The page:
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Central Washington University

Governor Inslee Promotes Energy Innovation During Roundtable at CWU

Tuesday, April 27, 2021


Washington Governor Jay Inslee talked about ways the state can be more energy efficient during a roundtable discussion on integrated energy held at Central Washington University on Tuesday.


Inslee has long been an advocate for the development of “green” energy (more environmentally sustainable energy) and for policies that protect the environment and combat climate change.

“Last December, I introduced a climate policy package that included placing a cap on greenhouse emissions in Washington, a shift to clean energy sources, and a requirement that new buildings to be carbon-free by 2030,” Governor Inslee said. “These are the kinds of changes we will need to make immediately in order to address the devastating impacts of greenhouse emissions.”


CWU President James L. Gaudino, who also participated in the discussion said he has made improving sustainability one of the university’s top three goals during the next five years. He pointed to the development of the University Farm and the construction of greener buildings, such as the new Health Sciences Building, as examples of CWU’s commitment to achieving that goal.


“We must do a better job of recycling, reducing our carbon footprint, and building more sustainably in order to protect the health of our planet,” Gaudino said.


Inslee was also joined at the roundtable by Elvin Delgado, a CWU geography professor and founding director of Central’s Integrated Energy Management Program (IEM). Delgado said the IEM program trains students to understand the complexities of today’s energy systems from an integrated and interdisciplinary perspective. The IEM program is designed to give students the opportunity to complete a paid apprenticeship to have hands-on experience with major energy companies before they graduate.


“We are honored to be able to meet with Governor Inslee to discuss some of the most pressing issues of our times, which include fighting anthropogenic climate change and finding ways to have more sustainable, efficient, and pollution-free energy systems. We do this at Central by training IEM majors to analyze the social, economic, political, and environmental implications of these issues and their inter-connections at multiple scales,” Delgado said.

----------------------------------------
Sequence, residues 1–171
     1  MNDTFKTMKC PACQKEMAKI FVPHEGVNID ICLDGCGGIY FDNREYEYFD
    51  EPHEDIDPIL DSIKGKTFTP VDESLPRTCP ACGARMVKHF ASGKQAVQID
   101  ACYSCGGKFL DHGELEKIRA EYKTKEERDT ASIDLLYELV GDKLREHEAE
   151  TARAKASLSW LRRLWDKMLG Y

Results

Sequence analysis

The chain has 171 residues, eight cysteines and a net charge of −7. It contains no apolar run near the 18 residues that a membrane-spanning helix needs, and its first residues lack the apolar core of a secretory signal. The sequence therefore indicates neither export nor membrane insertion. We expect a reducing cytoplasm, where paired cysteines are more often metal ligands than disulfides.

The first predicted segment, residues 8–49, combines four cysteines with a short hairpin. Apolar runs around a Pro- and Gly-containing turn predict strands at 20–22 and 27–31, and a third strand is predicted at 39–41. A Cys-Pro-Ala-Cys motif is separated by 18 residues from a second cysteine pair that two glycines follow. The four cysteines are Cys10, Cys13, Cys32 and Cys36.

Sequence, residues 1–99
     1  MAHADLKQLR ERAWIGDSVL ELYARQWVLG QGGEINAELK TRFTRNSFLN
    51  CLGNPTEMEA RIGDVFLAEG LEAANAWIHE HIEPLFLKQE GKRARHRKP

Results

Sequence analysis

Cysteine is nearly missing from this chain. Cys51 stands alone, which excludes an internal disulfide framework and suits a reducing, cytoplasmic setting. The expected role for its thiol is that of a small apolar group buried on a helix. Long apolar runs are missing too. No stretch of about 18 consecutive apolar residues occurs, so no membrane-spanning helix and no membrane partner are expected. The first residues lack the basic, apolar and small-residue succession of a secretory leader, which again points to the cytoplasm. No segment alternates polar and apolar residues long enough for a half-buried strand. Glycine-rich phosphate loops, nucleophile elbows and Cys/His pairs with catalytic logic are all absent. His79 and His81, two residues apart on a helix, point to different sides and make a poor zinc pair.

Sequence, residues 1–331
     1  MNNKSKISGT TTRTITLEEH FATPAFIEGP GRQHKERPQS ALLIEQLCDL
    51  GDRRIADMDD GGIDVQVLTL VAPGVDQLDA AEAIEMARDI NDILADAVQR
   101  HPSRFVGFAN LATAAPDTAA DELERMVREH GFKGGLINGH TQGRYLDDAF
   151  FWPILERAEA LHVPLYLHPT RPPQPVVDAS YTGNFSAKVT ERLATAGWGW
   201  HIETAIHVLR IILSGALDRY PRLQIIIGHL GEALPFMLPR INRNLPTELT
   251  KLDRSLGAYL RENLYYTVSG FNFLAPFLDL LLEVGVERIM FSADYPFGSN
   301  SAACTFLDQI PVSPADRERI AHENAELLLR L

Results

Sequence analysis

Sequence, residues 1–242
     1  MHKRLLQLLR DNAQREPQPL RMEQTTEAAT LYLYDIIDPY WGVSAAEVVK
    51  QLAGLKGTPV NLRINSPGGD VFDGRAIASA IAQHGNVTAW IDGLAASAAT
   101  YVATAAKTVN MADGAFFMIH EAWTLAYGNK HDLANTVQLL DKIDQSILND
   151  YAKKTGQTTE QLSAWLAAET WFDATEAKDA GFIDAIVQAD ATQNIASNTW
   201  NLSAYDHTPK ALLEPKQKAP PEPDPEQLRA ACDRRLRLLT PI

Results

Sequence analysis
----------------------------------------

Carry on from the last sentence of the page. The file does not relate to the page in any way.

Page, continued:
Along with Delgado, Governor Inslee heard from Ellensburg Mayor Bruce Tabb, who has made sustainability, public transit, and affordable housing among his priorities, and Brett Wachsmith, chair of the Kittitas County Commission, who has been involved in the county’s efforts to boost recycling.

Link to more information on CWU’s Integrated Energy Management program.


During his visit to Central, the governor also met with Ediz Kaykayoglu, CWU’s dean of Extended and Global Education, to discuss Central’s Information Technology and Administrative Management (ITAM) Workforce Pathways program in partnership with Renton Technical College (RTC).


“This curriculum helps those in occupational trades earn a college degree by counting work and apprenticeship experience toward the completion of their degree,” Kaykayoglu said. “It’s an important way that Central can make obtaining a college degree more attainable for those already in the workforce.”


CWU recently entered into a partnership with Renton Technical College to kick off the program and provide an opportunity to more apprentice-level workers to develop their project management skills and earn a bachelor of applied science (BAS) degree.


Link to more information about the ITAM Project Management degree program.


Media contact: Richard Moreno, Department of Public Affairs, 509-963-2714,

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